Most of the strawberries, year two. I have five plants, five different varieties, all seem to have come back.


I thought maybe this was an anise seedling, from a seed that didn’t germinate last year.


I believe this is arugula, from a mix I had last year. What I discovered: I don’t like arugula so much. But I can’t bring myself to pull it.


Some of the onions that didn’t grow last year! Three, yes, THREE of them!


Holy crap, this columbine in the backyard got big.


Oh, creeping Charlie. So weedy. But so pretty when it’s in bloom! This is growing all over the same patch where the columbine is. 


Beautiful bleeding hearts bloomed again this year. They were apparently on sabbatical last year.

Last fall I moved to an apartment and I suppose if I really wanted, I could do some gardening on the weedy dirt patch on which the house is situated, but I don’t particularly feel like it. All of my gardening activities here will be confined to my south-facing balcony. The balcony is a nice size (pro) but it is slightly rickety (con) and I’ve been advised not to go out there, really, until such time as it is reinforced (most likely never). I’ve decided I need to grow things out there, which is more important than any safety concerns. So I just tread lightly.

It’s really not too bad on that thing. I…think. It’s not a far fall, anyway. I’ve gotten to take home some of the ornamentals and the herbs we’re growing at the farm, and at my other smaller gig, I’ve been dangerously, dangerously exposed to all kinds of interesting things, and I end up doing at least a little shopping virtually every time I work there. I have a few containers which I am tweaking even now, as I realize that my designs leave something to be desired, or when I see that some plants aren’t filling in quite as much as I would like.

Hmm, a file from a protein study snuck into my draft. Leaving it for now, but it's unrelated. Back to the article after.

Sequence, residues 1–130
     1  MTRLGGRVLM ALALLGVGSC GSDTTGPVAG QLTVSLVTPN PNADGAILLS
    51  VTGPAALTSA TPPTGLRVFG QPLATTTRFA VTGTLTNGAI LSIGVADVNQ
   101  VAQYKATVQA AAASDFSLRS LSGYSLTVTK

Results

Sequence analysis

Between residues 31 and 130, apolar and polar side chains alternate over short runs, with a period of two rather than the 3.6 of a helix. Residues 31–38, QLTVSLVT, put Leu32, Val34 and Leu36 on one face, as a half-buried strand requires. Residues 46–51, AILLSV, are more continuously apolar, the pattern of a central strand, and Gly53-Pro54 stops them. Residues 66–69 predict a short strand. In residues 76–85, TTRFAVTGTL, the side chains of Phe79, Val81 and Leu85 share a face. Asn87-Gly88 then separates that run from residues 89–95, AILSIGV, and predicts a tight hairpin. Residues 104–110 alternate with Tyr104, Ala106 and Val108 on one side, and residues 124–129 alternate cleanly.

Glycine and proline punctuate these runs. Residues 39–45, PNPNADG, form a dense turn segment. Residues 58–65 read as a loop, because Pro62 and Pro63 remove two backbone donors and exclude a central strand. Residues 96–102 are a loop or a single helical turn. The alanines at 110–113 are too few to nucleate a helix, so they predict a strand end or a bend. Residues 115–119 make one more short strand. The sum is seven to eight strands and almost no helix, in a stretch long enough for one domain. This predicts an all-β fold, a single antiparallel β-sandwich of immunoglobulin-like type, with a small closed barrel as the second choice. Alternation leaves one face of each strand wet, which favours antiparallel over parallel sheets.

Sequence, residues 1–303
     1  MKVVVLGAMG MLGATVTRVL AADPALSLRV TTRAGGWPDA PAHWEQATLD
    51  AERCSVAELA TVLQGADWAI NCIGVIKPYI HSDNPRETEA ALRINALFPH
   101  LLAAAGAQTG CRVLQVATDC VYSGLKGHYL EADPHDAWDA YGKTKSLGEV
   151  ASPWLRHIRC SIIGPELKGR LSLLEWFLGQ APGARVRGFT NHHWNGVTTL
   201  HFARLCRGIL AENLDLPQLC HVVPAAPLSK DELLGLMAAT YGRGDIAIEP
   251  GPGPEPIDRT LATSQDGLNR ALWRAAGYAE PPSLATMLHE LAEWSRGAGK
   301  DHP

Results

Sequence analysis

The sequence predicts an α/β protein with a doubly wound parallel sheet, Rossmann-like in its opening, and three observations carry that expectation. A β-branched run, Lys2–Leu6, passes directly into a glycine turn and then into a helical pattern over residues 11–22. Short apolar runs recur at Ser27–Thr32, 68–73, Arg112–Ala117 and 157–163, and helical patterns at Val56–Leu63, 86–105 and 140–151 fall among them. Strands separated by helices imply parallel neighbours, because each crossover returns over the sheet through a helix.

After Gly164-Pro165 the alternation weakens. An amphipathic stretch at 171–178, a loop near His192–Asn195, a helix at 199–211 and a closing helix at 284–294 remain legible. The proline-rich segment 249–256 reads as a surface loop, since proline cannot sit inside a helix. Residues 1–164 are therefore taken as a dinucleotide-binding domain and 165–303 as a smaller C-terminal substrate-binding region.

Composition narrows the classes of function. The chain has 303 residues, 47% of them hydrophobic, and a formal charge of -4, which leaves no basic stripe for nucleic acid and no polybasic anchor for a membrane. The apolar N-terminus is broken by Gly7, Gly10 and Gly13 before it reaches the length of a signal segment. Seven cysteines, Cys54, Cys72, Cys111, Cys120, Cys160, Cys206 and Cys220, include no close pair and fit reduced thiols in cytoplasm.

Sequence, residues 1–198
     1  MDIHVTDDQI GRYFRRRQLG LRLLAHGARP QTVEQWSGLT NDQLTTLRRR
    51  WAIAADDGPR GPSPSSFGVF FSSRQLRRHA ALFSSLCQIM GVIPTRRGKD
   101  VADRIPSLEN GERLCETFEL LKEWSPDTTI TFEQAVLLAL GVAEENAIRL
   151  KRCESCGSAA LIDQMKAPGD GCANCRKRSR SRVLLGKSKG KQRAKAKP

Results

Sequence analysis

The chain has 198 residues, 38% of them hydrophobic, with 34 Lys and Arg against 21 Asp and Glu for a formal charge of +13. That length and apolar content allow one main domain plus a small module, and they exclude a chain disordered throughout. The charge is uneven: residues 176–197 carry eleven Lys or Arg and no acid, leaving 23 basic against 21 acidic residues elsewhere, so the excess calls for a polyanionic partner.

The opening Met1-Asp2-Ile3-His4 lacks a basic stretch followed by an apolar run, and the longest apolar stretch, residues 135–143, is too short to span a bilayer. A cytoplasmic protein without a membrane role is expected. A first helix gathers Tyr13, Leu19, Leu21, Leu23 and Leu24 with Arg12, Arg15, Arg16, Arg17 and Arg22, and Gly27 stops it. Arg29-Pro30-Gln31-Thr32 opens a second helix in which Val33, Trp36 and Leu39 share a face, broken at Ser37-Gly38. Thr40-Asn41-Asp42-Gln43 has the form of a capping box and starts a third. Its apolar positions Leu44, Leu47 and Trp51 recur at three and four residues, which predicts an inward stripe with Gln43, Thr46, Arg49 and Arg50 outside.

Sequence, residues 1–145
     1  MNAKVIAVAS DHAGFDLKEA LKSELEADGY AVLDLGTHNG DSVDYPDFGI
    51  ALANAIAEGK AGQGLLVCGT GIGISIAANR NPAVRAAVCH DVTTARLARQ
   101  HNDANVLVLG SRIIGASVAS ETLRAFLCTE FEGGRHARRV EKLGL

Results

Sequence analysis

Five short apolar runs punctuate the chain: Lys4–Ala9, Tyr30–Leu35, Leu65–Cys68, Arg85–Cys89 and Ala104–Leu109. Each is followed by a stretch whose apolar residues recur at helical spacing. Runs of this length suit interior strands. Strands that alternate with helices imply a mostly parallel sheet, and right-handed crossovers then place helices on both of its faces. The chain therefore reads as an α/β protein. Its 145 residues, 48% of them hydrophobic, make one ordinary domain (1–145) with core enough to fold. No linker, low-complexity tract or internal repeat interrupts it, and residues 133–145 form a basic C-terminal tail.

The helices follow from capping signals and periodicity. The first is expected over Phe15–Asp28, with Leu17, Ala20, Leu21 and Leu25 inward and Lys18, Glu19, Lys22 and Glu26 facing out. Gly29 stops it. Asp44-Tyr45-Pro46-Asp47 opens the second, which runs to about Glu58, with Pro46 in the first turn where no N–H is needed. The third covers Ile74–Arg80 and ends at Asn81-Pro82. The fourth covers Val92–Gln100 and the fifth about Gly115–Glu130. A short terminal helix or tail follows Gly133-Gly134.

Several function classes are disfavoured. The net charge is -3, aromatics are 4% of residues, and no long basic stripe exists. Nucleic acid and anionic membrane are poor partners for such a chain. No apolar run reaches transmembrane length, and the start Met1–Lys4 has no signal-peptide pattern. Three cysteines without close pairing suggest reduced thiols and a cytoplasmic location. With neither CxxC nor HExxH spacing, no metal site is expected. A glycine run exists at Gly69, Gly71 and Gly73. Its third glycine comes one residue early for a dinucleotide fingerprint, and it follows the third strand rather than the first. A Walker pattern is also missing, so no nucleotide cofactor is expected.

May 2three

Here are some of my favorites on my balcony, starting on the left: strawflower, fivespot, Dahlberg daisy, verbena, dianthus, African daisy, pansy.


I have peppermint, lemon verbena, parsley, sage, thyme, oregano, and marjoram for herbs. I also have a few kinds of tomatoes, ‘Celebrity,’ ‘Goliath,’ ‘Abe Lincoln,’ and some kind of red cherry. Also two habaneros.


SAAAAAAAAAAAAGE. And the other herbs.


I rescued some ‘Amish Paste’ that were being left to languish and die at the farm. They actually look much better in this picture. I KNOW. Hard to believe.


And finally, this and the next picture are two general pictures of most of the assemblage of plants on my balcony. As of a week ago, anyway. I’ve changed the arrangement in the planters on the left, but that’s basically what they look like.


Annnnd some more.


I got some really patchy, part-time work at a greenhouse/garden center that will be closing down for the end of the season at the end of next month. It’s been a different and fun sort of experience for me, although it’s only a few hours a week. That’s enough to change things up a little bit, though, and I hope I can return next year. I might share some pictures around there because it’s a really sweet set-up and there are some novel plants there. Whenever I’m working, I end of snapping some pictures of things I haven’t seen before, or things I want, or just things that are looking particularly good. They like doing pretty plantings in unconventional containers, like in an old tin or a teapot, and these are the sort of things for which the word “darling” was invented. Particularly the teapot ones.